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The aim of this study was to describe the variation of soy product intake in 10 European countries by using a standardised reference dietary method. A subsidiary aim was to characterise the pattern of soy consumption among a sub-group of participants with a habitual health-conscious lifestyle (HHL), i.e. non-meat eaters who are fish eaters, vegetarians and vegans.
A 24-hour dietary recall interview (24-HDR) was conducted among a sample (5–12%) of all cohorts (n = 36 900) in the European Prospective Investigation into Cancer and Nutrition (EPIC). Study participants totalled 35 955 after exclusion of subjects younger than 35 or older than 74 years of age. Soy products were subdivided into seven sub-groups by similarity. Distribution of consumption and crude and adjusted means of intake were computed per soy product group across countries. Intake of soy products was also investigated among participants with an HHL.
In total, 195 men and 486 women reported consuming soy products in the 24-HDR interview. Although soy product intake was generally low across all countries, the highest intake level was observed in the UK, due to over-sampling of a large number of participants with an HHL. The most frequently consumed soy foods were dairy substitutes in the UK and France and beans and sprouts among mid-European countries. For both genders, the sub-group of soy dairy substitutes was consumed in the highest quantities (1.2 g day−1 for men; 1.9 g day−1 for women). Participants with an HHL differed substantially from others with regard to demographic, anthropometric and nutritional factors. They consumed higher quantities of almost all soy product groups.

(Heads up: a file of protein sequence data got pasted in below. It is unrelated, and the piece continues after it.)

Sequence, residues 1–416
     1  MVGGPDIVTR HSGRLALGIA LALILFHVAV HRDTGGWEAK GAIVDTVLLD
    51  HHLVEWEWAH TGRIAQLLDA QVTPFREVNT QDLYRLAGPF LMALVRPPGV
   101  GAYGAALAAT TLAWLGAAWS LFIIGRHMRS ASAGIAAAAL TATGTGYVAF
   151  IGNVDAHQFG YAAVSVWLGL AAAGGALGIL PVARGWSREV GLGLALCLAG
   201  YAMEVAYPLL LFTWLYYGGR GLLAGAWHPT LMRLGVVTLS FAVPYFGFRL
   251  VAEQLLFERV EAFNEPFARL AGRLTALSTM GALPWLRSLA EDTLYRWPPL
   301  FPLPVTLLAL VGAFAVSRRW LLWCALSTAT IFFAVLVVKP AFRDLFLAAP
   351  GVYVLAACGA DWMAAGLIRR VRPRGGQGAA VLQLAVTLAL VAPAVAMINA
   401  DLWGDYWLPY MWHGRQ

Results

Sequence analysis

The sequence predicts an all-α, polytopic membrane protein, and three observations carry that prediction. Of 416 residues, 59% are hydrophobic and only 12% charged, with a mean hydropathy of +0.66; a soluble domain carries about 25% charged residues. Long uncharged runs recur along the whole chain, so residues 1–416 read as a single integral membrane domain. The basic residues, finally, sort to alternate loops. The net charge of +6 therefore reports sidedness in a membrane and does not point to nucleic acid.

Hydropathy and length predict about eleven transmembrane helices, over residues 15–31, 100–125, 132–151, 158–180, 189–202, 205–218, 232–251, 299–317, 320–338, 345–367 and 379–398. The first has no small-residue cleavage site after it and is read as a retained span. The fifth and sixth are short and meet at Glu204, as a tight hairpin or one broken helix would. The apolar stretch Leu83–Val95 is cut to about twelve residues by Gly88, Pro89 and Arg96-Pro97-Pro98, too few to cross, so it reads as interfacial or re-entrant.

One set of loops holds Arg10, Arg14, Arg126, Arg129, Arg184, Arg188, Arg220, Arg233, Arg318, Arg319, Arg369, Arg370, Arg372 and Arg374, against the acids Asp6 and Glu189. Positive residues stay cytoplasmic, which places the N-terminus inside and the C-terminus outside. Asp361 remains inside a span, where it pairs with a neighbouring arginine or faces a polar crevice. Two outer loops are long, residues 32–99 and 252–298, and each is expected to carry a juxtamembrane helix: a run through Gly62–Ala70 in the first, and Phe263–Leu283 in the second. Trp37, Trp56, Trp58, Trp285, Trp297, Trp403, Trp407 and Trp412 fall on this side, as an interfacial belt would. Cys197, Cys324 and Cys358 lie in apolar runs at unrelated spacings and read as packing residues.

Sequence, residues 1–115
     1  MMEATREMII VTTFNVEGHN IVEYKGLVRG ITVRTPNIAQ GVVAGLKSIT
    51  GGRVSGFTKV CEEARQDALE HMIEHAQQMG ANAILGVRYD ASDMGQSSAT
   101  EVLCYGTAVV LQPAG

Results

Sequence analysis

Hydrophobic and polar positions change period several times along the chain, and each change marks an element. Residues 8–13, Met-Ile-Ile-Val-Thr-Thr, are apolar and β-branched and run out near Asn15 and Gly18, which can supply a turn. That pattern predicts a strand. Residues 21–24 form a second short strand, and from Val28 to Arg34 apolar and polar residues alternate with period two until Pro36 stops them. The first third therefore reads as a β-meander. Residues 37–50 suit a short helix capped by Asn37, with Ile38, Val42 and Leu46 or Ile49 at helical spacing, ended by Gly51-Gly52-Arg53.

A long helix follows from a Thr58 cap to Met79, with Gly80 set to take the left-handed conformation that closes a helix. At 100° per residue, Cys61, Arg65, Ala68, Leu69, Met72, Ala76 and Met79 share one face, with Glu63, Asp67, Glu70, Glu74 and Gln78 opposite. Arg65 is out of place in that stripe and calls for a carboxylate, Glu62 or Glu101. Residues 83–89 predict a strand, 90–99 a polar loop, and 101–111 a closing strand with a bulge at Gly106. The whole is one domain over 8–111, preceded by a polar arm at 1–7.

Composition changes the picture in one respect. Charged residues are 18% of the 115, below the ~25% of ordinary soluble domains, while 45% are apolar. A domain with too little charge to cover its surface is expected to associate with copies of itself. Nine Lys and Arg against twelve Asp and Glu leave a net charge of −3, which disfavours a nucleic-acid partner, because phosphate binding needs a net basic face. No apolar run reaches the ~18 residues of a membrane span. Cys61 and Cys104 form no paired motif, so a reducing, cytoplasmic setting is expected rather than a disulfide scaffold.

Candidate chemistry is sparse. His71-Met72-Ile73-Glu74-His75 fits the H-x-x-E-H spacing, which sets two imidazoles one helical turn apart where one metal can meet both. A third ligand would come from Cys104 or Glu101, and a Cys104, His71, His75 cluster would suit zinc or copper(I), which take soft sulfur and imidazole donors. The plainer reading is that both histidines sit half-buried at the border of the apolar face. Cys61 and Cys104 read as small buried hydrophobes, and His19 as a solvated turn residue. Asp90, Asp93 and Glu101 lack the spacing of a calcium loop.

Consumption of soy products is low in centres in Western Europe. Soy dairy substitutes are most frequently consumed. Participants with an HHL form a distinct sub-group with higher consumptions of fruit, vegetables, legumes, cereals and soy products compared with the other participants.
To describe physical activity of participants in the European Prospective Investigation into Cancer and Nutrition (EPIC).
A cross-sectional analysis of baseline data of a European prospective cohort study.
This analysis was restricted to participants in the age group 50–64 years, which was represented in all EPIC centres. It involved 236 386 participants from 25 centres in nine countries. In each EPIC centre, physical activity was assessed by standardised and validated questions. Frequency distribution of type of professional activity and participation in non-professional activities, and age-adjusted means, medians and percentiles of time dedicated to non-professional activities are presented for men and women from each centre.
Professional activity was most frequently classified as sedentary or standing in all centres. There was a wide variation regarding participation in different types of non-professional activities and time dedicated to these activities across EPIC centres. Over 80% of all EPIC participants engaged in walking, while less than 50% of the subjects participated in sport. Total time dedicated to recreational activities was highest among the Dutch participants and lowest among men from Malmö (Sweden) and women from Naples (Italy). In all centres, total time dedicated to recreational activity in the summer was higher than in the winter. Women from southern Europe spent the most time on housekeeping.
There is a considerable variation of physical activity across EPIC centres. This variation was especially evident for recreational activities in both men and women.
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